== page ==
Understanding Intrinsic Safety

Many techniques are produced to ensure the safety of electrical equipment under hazardous conditions. Within these, the safest alternative is to use “intrinsically safe” device and instrumentation. This is an approach to prevent and minimize the ignition sources, such as from sparks and hot surfaces.

Equipment such as motors are not automatically suited towards the intrinsic safety approach, therefore, they must be enclosed. However, low voltage instruments can be engineered to be intrinsically safe. If a complex piece of equipment or interconnected devices is to qualify as being intrinsically safe, then every component within the equipment is required to be integrally safe. Designers of process control and instrumentation equipment should bear this in mind.

Another advantage of using intrinsically safe certified devices or equipment is that it allows live maintenance to be undertaken, thus avoiding the need for long shutdown periods, venting and gas clearance. Additionally, fault finding is overly simplified as the circuit tests can be undertaken when the equipment is energized.

Over time, equipment will need to be repaired or replaced, otherwise new instrumentation will need to be retrofitted in a hazardous location. When this occurs, it is crucial that maintenance technicians use intrinsically safe certified components.

However, there are some exceptions. Instrumentation categorized as a “simple apparatus” does not need to necessarily conform to intrinsic safety design principles. To be coined a “simple apparatus”, the safety of the instrument should be immediately demonstrable. Examples of simple apparatus include thermocouples, RTDs and junction boxes.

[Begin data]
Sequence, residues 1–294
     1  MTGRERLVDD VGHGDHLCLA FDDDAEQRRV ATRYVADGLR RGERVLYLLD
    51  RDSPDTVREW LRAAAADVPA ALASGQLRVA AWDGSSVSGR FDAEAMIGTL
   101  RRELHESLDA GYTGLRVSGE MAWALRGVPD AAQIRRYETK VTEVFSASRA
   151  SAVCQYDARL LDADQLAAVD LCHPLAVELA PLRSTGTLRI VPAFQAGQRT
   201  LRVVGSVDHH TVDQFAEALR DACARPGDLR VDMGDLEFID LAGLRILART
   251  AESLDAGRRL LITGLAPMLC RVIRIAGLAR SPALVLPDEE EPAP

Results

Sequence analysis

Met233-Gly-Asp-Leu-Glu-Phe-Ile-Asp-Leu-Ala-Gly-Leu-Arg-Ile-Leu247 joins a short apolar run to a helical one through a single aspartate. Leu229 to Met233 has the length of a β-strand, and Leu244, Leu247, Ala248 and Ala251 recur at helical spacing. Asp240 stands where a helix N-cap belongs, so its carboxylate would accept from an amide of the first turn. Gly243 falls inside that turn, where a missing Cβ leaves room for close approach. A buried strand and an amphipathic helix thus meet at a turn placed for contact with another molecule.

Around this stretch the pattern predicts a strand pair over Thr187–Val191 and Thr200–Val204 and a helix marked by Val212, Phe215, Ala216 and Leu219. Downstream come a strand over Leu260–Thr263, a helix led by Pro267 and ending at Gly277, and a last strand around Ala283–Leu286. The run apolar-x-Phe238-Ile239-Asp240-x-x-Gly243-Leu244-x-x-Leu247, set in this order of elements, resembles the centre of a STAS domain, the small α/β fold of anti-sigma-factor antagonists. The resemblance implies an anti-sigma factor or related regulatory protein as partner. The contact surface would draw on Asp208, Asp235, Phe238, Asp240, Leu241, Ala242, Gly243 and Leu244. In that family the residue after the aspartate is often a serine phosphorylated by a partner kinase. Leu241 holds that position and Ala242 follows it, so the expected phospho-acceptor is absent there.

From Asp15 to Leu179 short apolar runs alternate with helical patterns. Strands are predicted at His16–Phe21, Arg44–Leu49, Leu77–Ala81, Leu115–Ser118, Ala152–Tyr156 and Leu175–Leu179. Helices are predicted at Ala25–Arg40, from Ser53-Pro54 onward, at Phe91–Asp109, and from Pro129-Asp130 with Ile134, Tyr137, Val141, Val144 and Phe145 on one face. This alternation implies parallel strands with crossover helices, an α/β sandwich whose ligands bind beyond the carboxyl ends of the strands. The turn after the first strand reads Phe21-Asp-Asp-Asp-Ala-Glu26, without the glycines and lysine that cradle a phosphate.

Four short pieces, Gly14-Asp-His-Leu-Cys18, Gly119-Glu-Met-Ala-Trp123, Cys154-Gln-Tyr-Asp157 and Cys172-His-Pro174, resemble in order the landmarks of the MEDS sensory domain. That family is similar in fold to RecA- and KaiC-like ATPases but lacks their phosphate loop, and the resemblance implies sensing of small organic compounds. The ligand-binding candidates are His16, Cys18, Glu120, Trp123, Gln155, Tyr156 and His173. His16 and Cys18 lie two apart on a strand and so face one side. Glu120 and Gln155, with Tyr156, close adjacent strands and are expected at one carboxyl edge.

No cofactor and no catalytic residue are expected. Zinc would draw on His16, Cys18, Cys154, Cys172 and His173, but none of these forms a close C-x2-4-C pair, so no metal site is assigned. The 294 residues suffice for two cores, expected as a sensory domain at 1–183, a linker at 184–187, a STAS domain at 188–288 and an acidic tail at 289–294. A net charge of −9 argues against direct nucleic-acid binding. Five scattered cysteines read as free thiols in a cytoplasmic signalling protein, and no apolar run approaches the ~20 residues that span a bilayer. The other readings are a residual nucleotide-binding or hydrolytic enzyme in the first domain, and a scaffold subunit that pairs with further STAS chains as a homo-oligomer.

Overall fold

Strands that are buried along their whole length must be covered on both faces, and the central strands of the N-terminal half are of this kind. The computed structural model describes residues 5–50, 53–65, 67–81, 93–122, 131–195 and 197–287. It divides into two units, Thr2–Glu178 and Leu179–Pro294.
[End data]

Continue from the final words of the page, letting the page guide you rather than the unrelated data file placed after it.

Independent Testing and Certification

People who use safety-related equipment tend to prefer an independent confirmation of conformance to the relevant standards, and insurers may also insist on it. There are a number of organizations which offer independent testing and certifications. OMEGA is partnered with FM Global, a National Recognized Testing Laboratory (NRTL), to make sure that equipment such as pressure transducers are safe to use in hazardous environments.

As the name suggests, FM Global is a global organization and is recognized internationally. They possess several research centers where they perform product testing and provide product certification services.

Instrumentation sold by OMEGA that meets intrinsic safety standards displays the “FM Approved” mark. Equipment without this marking cannot be used in hazardous environments unless other necessary precautions are taken.

Pressure and Load-Sensing in Hazardous Locations